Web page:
EAGLE, Idaho — Music can uplift us, especially in the middle of a pandemic. So, the high school band director at North Star Charter School in Eagle wanted to make sure his students could still play all together even though they're not together in person
"Music isn't something that's quite as fun if you're doing it by yourself," band director A.J. Davidsen said. "We're doing a block hybrid schedule so we'll see half the students one day and the other half the next day."
Davidsen says that makes things tough when you need every instrument to get the full impact of a piece of music.
"(Last year) I had heard of people playing around with the virtual concert and collaborating and putting everyone's recording together and creating a large ensemble end product," said Davidsen.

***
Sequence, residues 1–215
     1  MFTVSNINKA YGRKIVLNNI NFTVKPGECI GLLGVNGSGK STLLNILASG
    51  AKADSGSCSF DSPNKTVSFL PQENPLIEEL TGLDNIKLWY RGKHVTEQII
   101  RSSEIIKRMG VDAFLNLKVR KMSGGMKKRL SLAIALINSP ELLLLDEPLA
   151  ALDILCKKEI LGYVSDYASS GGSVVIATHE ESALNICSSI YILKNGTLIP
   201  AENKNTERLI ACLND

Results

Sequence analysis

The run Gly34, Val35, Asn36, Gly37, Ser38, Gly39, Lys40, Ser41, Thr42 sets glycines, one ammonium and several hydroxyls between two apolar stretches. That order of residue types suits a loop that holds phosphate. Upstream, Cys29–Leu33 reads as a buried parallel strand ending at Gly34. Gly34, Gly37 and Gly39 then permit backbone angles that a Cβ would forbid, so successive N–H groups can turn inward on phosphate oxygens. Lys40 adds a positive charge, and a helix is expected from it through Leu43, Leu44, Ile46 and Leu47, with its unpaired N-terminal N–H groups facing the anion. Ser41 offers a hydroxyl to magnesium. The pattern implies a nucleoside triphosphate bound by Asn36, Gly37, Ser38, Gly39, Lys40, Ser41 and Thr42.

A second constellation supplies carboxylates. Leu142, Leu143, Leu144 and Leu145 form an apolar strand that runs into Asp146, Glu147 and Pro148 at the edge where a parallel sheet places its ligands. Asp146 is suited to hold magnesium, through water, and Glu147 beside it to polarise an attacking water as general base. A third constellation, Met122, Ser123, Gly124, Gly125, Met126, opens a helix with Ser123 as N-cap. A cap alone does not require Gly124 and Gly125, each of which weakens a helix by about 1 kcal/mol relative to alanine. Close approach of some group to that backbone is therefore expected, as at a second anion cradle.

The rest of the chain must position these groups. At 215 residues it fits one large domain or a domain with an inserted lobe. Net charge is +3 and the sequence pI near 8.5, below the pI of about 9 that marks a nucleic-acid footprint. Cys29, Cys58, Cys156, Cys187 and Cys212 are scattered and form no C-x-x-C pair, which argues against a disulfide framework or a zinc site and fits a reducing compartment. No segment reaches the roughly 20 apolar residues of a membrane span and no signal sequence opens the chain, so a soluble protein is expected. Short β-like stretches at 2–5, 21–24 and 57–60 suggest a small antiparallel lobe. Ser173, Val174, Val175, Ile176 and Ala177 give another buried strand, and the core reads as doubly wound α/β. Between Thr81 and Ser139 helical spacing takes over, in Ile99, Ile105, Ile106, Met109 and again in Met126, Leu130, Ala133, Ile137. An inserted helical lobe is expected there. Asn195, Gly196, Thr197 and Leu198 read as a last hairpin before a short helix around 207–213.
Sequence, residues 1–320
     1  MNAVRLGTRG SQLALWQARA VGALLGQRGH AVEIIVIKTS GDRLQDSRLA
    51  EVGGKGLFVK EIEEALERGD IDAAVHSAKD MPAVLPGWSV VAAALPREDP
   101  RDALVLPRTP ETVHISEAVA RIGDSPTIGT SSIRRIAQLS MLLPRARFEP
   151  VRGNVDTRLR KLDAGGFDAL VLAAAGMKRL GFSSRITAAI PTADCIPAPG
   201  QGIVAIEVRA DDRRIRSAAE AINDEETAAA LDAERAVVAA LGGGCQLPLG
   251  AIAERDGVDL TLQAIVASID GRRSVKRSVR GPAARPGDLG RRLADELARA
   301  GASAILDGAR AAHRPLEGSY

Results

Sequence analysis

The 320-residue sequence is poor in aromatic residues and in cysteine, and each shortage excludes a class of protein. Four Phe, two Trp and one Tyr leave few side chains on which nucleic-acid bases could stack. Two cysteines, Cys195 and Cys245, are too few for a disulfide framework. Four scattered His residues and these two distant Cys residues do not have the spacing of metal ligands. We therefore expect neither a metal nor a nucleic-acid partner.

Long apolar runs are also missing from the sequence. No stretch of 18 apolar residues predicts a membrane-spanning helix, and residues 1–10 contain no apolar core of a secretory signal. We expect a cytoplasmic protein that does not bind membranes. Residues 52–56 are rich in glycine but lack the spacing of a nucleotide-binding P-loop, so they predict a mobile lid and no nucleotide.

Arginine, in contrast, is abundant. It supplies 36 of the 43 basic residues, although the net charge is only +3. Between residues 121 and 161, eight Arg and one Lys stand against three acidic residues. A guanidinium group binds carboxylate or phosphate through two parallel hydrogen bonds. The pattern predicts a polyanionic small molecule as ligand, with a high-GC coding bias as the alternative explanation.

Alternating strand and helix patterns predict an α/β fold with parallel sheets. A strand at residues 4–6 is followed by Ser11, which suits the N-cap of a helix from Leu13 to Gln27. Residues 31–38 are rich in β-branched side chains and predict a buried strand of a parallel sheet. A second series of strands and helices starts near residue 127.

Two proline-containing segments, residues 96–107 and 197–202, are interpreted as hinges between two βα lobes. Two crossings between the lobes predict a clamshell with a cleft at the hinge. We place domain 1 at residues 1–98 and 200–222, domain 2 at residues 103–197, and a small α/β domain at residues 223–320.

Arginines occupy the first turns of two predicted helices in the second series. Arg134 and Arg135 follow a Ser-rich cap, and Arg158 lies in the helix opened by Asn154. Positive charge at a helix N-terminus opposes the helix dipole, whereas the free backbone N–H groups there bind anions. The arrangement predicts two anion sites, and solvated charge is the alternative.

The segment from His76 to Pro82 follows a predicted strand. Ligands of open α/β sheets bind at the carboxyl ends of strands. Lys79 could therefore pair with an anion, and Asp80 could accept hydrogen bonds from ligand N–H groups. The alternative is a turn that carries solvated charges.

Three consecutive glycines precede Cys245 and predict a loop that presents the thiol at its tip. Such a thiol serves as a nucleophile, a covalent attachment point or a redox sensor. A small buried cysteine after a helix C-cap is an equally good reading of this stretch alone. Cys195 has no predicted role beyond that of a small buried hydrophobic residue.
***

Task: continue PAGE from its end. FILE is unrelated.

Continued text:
He wanted to try it, but needed recording equipment to get it done. With the help of the school and a CapEd grant, it all came together.
"Oftentimes we would be missing a few parts, so with this, we're even able to take it another step further and have some of my students record multiple parts, essentially, so we're finally able to put together a recording that has all the different parts its suppose to have," Davidsen said.
It's a big accomplishment for Davidsen, who says all the work he put into making this happen certainly has paid off for everyone.
If you would like to nominate a teacher for us to feature email us at email@example.com. Tell us a little about what makes them special and innovative.
Educators, for more information on submitting an application for a classroom grant like this one visit capedfoundation.org.
Watch more 'Innovative Educators':
See every episode in our YouTube playlist: